Chinese start-up Genghis Khan Airlines took delivery of its second Comac ARJ21-700 on Tuesday ahead of its planned launch date in early July. Based in Inner Mongolia, the newly established carrier becomes the second operator of the type, after Chengdu Airlines, and the first to commit to operating a fleet consisting solely of the Chinese-made regional jet.
On Tuesday evening, Genghis Khan commenced verification test flights with its first ARJ21, flying between its base at Hohhot Baita International Airport and Ulanhot Airport, located in Inner Mongolia’s far north. The carrier also carried out two emergency evacuation simulations earlier in the day including a lithium battery fire and an engine failure during takeoff. The carrier plans to complete a total of 25 verification test flights as part of its certification process over the next coming weeks.
Genghis Khan took delivery of its first ARJ21-700 on February 22. A rebrand from the formerly known Tianjiao Airlines, the Chinese carrier shelved initial plans to operate a fleet of Bombardier CRJ900s after inking an agreement covering 50 ARJ21s (25 firm orders and 25 options) in August 2018. Genghis Khan expects to take delivery of two more ARJ21s this year; plans call for a fleet of 25 jets, powered by General Electric CF34-10A engines, to operate to 40 destinations within five years.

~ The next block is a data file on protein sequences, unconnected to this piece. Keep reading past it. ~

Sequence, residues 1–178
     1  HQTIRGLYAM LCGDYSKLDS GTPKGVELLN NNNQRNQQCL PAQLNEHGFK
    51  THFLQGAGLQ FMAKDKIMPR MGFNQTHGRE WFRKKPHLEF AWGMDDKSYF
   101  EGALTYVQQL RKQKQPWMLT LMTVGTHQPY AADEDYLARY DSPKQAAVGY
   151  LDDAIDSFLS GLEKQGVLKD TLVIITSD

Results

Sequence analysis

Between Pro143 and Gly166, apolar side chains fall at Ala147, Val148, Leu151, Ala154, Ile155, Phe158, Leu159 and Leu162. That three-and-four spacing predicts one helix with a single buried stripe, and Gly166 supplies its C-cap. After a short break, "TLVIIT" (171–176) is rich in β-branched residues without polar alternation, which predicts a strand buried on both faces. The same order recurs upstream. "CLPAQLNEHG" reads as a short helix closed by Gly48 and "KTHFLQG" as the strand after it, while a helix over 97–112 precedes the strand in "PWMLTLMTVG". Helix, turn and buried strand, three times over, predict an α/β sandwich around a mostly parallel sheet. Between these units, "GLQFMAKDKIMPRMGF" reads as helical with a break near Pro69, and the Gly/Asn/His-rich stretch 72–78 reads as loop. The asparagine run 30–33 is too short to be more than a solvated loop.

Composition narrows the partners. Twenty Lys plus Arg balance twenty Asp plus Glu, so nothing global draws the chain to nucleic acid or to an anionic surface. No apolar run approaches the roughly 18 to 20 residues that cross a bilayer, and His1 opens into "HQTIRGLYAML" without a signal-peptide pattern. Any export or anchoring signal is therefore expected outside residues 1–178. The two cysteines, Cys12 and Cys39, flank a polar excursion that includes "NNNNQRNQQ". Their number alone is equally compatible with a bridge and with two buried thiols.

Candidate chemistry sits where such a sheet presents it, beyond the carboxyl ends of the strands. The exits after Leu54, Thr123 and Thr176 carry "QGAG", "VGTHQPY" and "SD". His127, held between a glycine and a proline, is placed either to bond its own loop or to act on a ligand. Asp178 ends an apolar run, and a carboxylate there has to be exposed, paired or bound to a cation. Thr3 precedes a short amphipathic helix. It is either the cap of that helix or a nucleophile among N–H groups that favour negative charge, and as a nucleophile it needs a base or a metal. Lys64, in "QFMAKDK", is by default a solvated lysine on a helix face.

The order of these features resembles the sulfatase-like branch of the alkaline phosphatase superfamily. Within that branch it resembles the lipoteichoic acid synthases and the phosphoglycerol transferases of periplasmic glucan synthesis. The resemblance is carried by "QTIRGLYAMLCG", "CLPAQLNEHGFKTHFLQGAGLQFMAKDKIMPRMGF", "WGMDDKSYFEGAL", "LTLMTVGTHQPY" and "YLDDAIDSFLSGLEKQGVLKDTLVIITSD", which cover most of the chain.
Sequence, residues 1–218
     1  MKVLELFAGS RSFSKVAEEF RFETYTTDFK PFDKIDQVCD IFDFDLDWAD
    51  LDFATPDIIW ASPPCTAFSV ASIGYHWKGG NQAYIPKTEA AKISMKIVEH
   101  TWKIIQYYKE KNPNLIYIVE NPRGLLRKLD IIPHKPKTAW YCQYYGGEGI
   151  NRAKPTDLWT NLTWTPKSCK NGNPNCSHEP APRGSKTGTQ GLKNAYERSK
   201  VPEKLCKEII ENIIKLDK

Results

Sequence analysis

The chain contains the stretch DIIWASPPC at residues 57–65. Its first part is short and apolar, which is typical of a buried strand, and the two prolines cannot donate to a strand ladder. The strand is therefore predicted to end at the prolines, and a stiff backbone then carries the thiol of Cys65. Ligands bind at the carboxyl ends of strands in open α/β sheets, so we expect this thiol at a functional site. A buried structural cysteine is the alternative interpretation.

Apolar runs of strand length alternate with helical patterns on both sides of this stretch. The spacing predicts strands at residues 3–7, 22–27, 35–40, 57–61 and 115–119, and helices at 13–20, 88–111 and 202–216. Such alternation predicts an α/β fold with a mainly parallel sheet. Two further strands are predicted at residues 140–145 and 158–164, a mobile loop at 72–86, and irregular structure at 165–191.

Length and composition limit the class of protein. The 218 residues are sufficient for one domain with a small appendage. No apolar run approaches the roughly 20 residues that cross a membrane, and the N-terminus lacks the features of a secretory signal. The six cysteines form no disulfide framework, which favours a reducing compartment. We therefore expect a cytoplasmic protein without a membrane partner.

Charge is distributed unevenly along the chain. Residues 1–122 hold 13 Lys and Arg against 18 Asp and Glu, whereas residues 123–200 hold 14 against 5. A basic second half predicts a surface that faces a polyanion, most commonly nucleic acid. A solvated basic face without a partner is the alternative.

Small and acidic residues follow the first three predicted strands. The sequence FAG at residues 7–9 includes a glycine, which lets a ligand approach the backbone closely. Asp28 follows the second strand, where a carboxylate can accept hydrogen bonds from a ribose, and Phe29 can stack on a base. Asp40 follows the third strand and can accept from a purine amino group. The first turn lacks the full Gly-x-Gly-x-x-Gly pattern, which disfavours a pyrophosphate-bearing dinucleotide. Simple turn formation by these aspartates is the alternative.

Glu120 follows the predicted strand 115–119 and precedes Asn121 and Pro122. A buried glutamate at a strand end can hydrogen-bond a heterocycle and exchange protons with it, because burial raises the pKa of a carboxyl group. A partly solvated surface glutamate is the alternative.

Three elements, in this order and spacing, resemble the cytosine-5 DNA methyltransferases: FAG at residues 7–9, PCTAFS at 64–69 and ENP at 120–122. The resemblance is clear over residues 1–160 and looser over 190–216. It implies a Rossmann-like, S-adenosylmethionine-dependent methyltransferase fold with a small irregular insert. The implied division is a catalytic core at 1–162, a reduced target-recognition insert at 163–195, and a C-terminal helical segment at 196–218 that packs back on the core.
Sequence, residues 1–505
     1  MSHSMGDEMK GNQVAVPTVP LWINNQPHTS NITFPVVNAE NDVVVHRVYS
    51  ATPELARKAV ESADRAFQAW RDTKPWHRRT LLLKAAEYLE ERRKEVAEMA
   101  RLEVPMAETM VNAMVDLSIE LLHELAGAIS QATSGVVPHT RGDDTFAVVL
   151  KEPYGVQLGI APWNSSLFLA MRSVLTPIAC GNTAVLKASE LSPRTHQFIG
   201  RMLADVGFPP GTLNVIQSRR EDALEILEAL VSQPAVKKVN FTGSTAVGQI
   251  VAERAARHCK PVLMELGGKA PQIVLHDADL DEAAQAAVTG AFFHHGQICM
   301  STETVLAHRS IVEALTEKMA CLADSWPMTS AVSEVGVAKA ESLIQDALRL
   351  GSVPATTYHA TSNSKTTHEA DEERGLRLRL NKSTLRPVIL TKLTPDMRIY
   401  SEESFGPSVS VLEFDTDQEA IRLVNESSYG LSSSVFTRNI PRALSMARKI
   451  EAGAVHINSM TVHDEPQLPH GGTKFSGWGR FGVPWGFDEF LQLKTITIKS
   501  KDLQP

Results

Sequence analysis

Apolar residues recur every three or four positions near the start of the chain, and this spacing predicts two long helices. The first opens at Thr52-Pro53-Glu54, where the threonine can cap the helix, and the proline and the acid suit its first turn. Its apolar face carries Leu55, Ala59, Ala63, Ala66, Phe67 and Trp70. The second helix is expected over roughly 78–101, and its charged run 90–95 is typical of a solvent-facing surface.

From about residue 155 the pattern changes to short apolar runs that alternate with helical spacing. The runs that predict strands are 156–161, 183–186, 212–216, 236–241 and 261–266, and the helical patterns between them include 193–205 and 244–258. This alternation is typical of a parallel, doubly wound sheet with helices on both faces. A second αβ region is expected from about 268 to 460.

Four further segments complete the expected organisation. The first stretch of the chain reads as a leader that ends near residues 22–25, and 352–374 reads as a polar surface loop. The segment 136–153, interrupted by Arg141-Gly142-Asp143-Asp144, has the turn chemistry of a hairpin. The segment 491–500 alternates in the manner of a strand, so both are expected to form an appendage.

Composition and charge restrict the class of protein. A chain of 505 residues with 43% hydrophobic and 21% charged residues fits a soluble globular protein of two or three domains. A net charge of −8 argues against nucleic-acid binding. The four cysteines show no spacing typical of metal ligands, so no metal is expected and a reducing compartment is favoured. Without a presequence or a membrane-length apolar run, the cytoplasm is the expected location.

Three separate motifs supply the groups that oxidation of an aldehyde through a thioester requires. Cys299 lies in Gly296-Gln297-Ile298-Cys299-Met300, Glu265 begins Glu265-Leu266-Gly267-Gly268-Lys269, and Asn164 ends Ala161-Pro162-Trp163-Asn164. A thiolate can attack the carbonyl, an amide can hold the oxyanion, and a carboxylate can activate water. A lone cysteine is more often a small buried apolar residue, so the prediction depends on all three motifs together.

Despite mounting political pressure to raise the country’s profile as a global aerospace contender, China’s first indigenous airliner has failed to gain traction in its home market. To date, launch customer Chengdu Airlines remains the sole operator of the Comac regional jet, operating a fleet of 11 ARJ21s to 20 Chinese cities. Chengdu Airlines and Genghis Khan plan to work together in developing their ARJ21 fleets under a cooperative framework agreement, which include operational support, information sharing, and business investments.
Meanwhile, Chinese low-cost carrier Urumqi Air plans to take delivery of its first ARJ21-700 sometime this year. In anticipation of receiving more aircraft orders, the Chinese manufacturer has begun training its first batch of new pilots for the type.